Responders have a better grip on transmission chains, and contact tracing has progressed to knowing specific names of missing contacts and searching for the individuals. "It's a very different response than a month ago," said Aylward, who has recently been in outbreak villages in all three countries. "Any way you look at it, the response is tighter, and countries are going in the right direction."

Aside from "irrational exuberance," another risk is silent transmission in areas where surveillance isn't good, he said. "We are still getting some surprises."

Overall, the response is shifting to third phase, with a more formal rollout expected for September, Aylward said, adding that the next major goals will extend through 2016 and will aim at stopping all remaining transmission chains and managing residual risks, such as disease reemergence and care for survivors.

Regarding recent news about the effectiveness of the VSV-EBOV candidate vaccine in Guinea's ring trial, Aylward said the step won't be a game changer but rather a response enhancer. It will likely play a role in managing contacts and making conditions safer, he said. However, Aylward noted that more study is needed to see if vaccine use yields any herd benefits.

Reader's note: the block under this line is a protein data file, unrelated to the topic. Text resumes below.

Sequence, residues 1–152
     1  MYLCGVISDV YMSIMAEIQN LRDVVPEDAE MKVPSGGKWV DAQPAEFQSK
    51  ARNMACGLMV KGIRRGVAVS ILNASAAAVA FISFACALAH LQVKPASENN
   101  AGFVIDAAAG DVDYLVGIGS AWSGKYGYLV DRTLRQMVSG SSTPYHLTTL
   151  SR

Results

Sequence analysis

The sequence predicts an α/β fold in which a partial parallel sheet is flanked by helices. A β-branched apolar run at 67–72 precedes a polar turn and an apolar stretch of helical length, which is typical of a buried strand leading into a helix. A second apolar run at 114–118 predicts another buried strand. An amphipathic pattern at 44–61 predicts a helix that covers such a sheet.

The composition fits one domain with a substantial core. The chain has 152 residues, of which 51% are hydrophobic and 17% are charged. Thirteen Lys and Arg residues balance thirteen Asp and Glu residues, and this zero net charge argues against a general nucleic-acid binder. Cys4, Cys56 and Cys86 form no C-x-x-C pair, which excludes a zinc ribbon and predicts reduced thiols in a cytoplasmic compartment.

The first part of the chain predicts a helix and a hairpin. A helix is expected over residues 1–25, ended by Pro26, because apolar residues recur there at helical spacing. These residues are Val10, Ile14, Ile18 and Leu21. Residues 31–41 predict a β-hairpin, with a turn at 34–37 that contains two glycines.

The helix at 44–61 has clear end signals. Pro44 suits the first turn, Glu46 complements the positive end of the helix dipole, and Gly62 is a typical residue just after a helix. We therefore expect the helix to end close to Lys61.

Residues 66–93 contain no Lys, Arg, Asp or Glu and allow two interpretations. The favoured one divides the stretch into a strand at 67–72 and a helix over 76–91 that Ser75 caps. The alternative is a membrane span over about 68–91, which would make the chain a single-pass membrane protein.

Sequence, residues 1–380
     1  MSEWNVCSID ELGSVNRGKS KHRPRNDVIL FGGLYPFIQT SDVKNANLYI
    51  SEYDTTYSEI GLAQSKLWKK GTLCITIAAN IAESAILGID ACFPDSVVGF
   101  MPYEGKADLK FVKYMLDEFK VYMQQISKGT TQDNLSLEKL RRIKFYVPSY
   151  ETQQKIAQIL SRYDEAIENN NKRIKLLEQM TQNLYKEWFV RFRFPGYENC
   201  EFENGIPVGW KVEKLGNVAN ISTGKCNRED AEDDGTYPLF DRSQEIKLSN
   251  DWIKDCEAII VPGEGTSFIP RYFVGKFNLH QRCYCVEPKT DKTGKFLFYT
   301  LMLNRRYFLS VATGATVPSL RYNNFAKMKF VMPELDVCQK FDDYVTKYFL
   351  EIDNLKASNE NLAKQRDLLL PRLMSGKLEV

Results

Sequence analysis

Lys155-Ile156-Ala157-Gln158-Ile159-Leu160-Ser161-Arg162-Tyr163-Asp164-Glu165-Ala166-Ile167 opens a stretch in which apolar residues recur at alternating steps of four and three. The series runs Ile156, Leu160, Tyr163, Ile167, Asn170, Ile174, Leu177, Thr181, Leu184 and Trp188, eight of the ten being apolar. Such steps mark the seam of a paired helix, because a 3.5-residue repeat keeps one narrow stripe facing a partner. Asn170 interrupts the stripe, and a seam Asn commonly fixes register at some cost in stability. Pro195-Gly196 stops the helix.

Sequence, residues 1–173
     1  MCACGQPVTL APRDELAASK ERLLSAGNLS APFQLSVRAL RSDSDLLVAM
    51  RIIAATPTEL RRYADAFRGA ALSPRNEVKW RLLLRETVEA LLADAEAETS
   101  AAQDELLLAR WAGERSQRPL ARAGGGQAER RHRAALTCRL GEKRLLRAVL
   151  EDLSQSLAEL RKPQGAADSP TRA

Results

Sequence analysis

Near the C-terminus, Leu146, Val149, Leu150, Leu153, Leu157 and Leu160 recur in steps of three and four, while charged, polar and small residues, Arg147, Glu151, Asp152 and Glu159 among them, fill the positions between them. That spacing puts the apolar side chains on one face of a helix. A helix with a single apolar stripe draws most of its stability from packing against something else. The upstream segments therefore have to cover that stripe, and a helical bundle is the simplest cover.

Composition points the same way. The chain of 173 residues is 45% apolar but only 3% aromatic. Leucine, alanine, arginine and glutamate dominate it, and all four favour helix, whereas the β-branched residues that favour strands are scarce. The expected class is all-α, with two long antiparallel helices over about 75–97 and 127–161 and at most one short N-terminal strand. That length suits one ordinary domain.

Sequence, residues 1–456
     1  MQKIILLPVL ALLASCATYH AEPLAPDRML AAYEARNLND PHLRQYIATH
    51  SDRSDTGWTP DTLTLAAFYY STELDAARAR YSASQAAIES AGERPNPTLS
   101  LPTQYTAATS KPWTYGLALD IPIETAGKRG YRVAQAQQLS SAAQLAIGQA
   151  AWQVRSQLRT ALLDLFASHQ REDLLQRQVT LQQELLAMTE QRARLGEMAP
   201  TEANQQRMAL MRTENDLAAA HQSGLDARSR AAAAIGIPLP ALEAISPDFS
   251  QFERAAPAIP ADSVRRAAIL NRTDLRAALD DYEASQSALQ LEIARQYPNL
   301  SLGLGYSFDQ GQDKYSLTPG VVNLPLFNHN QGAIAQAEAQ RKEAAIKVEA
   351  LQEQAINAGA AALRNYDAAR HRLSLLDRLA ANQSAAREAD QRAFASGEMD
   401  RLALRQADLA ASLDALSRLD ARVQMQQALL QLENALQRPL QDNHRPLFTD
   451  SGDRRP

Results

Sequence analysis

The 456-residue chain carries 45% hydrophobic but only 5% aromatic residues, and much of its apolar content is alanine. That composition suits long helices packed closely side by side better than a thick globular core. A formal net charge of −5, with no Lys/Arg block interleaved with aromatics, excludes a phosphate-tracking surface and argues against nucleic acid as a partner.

Survivor clinical meeting

In other Ebola developments, clinical experts, researchers, and disease survivors are meeting in Freetown this week to discuss medical issues related to aftereffects from the virus and to identify the needs for a comprehensive care plan for those who are recovering.

In a statement on the meeting, which began on Aug 3 and runs through Aug 7, the WHO said clinicians will be sharing their expertise on clinical management of Ebola survivors, with the goal of building consensus on protocols and best practices.

Researchers will be discussing data collection and identifying key questions, especially regarding health problems during longer-term recovery and residual viral loads. After its clearance from the bloodstream, the virus is thought to persist in immune-protected areas such as the eyes and testes, which has implications for virus transmission well after recovery.

Also on the agenda is a biobanking system for clinical samples; lab and ethics experts will be on hand to discuss the idea, including how to safely preserve the samples.

Diagnostic test EUA

Meanwhile, OraSure Technologies, Inc., based in Bethlehem, Pa., announced on Aug 3 that the Food and Drug Administration has granted an emergency use authorization (EUA) for its rapid Ebola test.

The company said in a press release that EUA is for use with fingerstick and venous whole blood. It said the test can yield a positive sample in as early as 4 minutes, with negative results available by 30 minutes. The test requires only two steps and is shelf stable across a range of storage conditions.

See also:

Aug 5 WHO situation update

Aug 4 WHO media briefing audio file

WHO Ebola survivors clinical meeting background

Aug 3 OraSure press release